Fifteen states will hold sales tax holidays this year, says the Tax Foundation. While retail sales do go up during the holiday, the Tax Foundation says that retail sales for the year do not. Consumers don't spend more; they just time their purchases. So, no, sales tax holidays don't "pay for themselves," as politicians argue. In short, tax holidays are gimmicks used by politicians to favor certain industries and products, which has the effect of introducing "costly economic distortions into the economy," says Micah Cohen, a summer fellow at the Tax Foundation. Instead, Cohen writes, "Tax policy should be neutral to economic decision-making."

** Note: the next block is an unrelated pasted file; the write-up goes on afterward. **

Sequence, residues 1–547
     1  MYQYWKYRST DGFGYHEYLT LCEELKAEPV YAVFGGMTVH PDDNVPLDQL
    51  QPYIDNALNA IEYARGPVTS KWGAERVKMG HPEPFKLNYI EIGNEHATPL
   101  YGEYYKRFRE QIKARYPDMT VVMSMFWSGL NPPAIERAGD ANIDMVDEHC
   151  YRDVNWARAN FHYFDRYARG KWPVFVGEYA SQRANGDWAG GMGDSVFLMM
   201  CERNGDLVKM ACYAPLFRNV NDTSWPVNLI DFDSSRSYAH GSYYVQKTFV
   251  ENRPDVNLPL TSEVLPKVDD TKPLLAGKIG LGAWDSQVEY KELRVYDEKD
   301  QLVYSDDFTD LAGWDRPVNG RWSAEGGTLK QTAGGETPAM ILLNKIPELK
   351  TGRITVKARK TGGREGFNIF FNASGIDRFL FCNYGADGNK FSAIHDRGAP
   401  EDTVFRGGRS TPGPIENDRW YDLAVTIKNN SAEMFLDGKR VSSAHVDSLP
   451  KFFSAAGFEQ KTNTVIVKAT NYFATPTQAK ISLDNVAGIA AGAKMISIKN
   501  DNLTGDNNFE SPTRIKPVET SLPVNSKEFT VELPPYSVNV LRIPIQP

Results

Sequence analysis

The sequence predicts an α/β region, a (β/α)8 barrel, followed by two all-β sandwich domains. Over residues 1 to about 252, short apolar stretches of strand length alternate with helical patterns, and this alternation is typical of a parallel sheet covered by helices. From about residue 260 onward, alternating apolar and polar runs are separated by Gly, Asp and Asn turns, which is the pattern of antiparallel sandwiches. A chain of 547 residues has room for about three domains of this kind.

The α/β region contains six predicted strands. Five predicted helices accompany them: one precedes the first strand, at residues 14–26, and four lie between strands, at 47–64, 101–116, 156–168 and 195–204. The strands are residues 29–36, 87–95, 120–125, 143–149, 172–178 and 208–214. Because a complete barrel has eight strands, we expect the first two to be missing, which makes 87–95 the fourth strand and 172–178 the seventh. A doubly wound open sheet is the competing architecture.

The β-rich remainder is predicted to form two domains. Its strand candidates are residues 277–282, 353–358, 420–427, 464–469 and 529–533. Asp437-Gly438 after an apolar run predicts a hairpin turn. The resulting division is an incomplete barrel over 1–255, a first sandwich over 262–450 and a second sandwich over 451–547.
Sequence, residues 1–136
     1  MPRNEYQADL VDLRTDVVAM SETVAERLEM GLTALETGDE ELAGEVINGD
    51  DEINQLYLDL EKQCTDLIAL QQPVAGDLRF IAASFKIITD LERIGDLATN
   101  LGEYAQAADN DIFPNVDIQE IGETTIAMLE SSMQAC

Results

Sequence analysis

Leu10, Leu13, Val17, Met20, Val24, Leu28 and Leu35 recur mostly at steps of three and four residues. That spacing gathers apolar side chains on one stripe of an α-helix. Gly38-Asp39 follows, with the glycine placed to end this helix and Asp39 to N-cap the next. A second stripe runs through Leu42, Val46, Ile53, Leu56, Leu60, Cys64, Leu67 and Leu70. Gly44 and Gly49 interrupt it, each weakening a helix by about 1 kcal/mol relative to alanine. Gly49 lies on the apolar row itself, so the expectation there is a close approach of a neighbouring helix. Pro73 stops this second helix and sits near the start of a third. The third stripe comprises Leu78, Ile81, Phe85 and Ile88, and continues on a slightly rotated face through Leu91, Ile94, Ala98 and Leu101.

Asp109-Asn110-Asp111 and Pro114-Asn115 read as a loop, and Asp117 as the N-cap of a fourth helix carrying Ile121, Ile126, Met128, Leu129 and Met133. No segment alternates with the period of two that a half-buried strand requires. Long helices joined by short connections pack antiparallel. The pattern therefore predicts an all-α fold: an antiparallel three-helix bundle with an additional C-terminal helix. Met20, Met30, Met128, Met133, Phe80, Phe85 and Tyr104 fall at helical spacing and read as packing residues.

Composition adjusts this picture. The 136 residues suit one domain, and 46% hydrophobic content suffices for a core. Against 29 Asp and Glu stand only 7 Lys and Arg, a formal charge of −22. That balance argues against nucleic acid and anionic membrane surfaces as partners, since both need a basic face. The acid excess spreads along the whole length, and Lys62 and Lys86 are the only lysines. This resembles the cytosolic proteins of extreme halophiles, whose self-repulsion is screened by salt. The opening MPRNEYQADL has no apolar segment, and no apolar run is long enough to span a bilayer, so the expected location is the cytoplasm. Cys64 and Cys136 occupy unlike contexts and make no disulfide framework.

By the way, the Tax Foundation, based Washington, D.C., is a nonpartisan research and educational organization that has monitored fiscal policy at the federal, state and local levels since 1937. The foundation is worth watching.